Who’s really a citizen?

Trick question: what’s the world’s second biggest Muslim country?

If you said America, shame on you. Everyone (who’s reasonably informed) knows Indonesia has the biggest Muslim population; and coming second is India — even though Hindus are a large majority there.

Trump insists we should find out who, living in America, is really a citizen. Seem reasonable? And what’s India got to do with it?

Keep reading.

In India’s 2014 election, I endorsed Narendra Modi, despite blood on his hands from Gujarat’s anti-Muslim pogrom and his BJP party’s Hindu nationalism. He seemed to understand how India’s still very anti-business economic structures kept people poor. And he has done some good in that regard, though not nearly enough.* Meantime, though it may be too soon to quite give Modi the “authoritarian” label, he’s working on it.

Meantime too the Hindu nationalism has become increasingly central. This is bad. Recall some history: Pakistan was traditionally part of India, but was hived off at independence in 1947 to create a Muslim state. Many millions caught on the “wrong” side of the new border migrated — amid appalling bloodshed. But most Muslims stayed put, and their population in India exceeds Pakistan’s.

Given this background, you might think any Indian government would strive for intercommunal emollience, so Hindus and Muslims can live together equably. You would be rational. But religion never is, and India’s BJP government, under Modi, is doing the opposite. Trying to make Muslims second class citizens — if that.

Assam, an Indian state bordering (Muslim) Bangladesh, has a concentration of Muslims. Unsurprisingly, few Muslims vote for the BJP. Which would rather they didn’t vote at all. So now there’s a big push to find out how many are really proper Indian citizens.

Is this beginning to ring a bell?

They’ve created a “National Register of Citizens” (NRC). If your name’s not there, you’re summoned to a bureaucratic tribunal, with the burden of proving your citizenship. It’s mainly Muslims, of course, targeted for this. Realize it’s a region of endemic illiteracy and poverty, with public records something of a shambles. The Economist’s report headlined with the word “Madness” and invoked the ghost of Kafka. And get this: anyone can file an official objection to a name on the NRC. In Assam, 220,000 such poison letters were filed — all ostensibly by a very small group of objectors.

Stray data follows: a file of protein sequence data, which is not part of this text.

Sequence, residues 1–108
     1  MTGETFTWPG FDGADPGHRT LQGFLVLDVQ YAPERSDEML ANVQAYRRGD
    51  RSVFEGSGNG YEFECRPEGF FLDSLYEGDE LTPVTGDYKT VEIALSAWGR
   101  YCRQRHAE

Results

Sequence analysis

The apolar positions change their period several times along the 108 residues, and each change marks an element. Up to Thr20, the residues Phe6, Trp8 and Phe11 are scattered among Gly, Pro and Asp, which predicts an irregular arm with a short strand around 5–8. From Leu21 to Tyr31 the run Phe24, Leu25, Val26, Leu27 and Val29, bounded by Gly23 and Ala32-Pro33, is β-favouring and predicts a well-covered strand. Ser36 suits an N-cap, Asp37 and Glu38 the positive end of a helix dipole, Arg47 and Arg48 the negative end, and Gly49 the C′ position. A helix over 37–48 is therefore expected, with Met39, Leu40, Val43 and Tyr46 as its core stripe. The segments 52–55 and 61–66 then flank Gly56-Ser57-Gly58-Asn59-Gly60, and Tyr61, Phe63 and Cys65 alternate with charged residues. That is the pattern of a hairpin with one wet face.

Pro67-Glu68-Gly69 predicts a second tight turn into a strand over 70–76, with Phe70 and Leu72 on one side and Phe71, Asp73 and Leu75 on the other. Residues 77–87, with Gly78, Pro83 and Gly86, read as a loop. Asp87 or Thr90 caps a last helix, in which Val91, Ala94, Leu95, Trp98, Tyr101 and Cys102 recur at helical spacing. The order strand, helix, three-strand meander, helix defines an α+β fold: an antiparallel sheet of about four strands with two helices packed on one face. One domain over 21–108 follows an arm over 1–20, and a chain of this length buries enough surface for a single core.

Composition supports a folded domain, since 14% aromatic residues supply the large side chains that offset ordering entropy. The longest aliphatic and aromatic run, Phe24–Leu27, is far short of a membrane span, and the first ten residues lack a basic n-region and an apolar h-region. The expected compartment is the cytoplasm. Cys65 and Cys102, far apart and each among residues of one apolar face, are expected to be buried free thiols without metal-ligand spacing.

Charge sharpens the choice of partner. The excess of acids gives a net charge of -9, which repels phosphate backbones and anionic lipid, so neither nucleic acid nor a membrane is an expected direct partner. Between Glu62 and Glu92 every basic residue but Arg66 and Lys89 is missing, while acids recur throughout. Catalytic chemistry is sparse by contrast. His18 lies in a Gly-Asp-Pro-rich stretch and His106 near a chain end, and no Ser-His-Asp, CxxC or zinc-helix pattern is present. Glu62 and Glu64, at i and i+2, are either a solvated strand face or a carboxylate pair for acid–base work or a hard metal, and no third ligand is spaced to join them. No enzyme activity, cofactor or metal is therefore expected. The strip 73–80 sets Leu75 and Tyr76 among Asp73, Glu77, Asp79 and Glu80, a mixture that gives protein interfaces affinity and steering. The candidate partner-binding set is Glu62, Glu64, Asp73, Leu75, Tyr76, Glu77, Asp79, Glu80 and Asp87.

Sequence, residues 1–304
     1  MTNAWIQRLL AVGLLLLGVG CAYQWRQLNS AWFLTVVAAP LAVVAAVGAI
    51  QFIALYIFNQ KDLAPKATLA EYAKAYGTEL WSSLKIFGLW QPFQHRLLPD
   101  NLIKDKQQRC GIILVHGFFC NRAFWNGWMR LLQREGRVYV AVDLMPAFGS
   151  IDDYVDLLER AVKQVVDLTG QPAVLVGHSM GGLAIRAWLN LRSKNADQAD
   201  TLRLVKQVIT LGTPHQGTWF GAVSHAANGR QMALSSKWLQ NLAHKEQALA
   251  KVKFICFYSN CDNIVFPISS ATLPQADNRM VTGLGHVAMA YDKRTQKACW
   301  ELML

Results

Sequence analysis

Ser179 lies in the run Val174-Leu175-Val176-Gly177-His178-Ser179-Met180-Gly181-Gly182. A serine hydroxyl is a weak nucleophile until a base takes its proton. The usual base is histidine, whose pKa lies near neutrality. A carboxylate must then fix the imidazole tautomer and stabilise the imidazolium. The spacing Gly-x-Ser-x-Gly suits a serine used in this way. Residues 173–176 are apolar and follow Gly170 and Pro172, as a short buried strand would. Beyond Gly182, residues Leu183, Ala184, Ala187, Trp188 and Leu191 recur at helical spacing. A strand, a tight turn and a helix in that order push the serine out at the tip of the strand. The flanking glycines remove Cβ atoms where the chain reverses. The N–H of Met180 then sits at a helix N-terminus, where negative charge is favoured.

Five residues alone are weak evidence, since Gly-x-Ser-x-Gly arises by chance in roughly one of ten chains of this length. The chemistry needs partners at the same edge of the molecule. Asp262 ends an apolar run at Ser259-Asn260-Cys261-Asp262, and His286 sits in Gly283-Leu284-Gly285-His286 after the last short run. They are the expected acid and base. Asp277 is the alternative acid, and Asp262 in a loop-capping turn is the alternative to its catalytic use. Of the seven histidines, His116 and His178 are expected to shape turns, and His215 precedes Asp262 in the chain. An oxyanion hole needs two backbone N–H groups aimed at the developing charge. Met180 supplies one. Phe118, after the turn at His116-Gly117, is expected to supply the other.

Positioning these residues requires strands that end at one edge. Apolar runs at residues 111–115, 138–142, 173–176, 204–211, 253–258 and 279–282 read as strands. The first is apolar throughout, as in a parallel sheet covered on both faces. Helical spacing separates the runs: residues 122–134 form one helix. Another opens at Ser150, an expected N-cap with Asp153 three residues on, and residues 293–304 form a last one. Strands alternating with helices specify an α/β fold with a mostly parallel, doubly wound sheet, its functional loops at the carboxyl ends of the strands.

Failure to “prove” citizenship (to the government’s satisfaction) can put you in jail or in one of the archipelago of detention camps they’re building, for “foreigners.” Their fate is uncertain; they cannot be deported to Bangladesh, which won’t take them. But they will be stripped of citizenship rights — including the vote. Which seems to be the real point.

Now this Assam model is being extended to the whole country.

Back to Trump: insisting we must find out who’s really a citizen. If that may have sounded reasonable to you before, think about India, and what the long range Republican game plan is. They already have a despicable record of winning elections by denying the ballot to targeted groups through discriminatory voter ID laws. This citizenship gambit is the logical, and frightening, next step.

And Trump has now said some U.S.-born Congress members should “go back” to some other countries. Is the next step actually to declare them non-citizens (as India is doing)?

Can you prove you’re a U.S. citizen?

* And he did one economically terrible thing, demonetizing the bulk of India’s circulating currency.

 

One Response to “Who’s really a citizen?”

  1. joannereedauthor Says:

    At the top of a slippery slope?

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